“Sorry, I’m not sure I know what you mean.” I replied. “When is your Christmas party?”.
“Tuesday” they said.
It turns out that despite having effectively invented Christmas and created an entire culture based on beer purity, many Germans choose not to celebrate Christmas by getting inhumanly drunk at the office party. I know, I was as surprised as you. Granted it may be a Bavarian quirk, but the majority of people I have spoken to attend well meaning office gatherings, where folks have a quiet beer or two, eat dinner together and possibly listen to a speech from the boss. What’s more, they often choose to have the party on a weekday. This is odd, given that the only reason British party organisers would choose a weekday would be because of the chaos that occurred the year before. Choosing a weekday party in the UK is a way of mitigating drunkenness, in Germany it’s simply practical. Friday evenings and weekends are generally reserved for private time, not for work, party or otherwise.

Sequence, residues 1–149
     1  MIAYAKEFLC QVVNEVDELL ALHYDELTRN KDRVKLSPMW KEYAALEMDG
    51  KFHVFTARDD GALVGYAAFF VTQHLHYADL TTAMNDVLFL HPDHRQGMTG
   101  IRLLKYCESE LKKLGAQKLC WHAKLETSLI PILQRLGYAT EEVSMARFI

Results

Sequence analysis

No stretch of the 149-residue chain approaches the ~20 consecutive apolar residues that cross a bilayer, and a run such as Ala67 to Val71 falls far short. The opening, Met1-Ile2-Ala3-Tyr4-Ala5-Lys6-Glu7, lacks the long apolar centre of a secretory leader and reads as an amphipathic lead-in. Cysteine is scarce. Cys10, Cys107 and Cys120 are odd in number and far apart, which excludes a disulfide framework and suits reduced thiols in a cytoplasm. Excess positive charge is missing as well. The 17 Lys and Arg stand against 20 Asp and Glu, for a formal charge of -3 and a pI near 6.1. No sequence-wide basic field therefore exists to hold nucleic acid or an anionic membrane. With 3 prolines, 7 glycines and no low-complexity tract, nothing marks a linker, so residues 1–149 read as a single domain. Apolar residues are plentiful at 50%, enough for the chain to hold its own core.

Since learning how office parties are conducted here, I have been able to call upon the many different “Office party survival guides” or “10 worst office Christmas party mistakes” articles for my English classes that are usually written around this time. Participants are continually mystified by the idea of people photocopying their genitalia for comedic effect or that the British have developed complex strategies to avoid terrible conversations. The “Two Drinker” is a particular favourite, which requires a person to carry two drinks, either to use as an excuse when the conversation sours or to simply drink in case the drinks table is busy. British social awkwardness has some benefits, I suppose.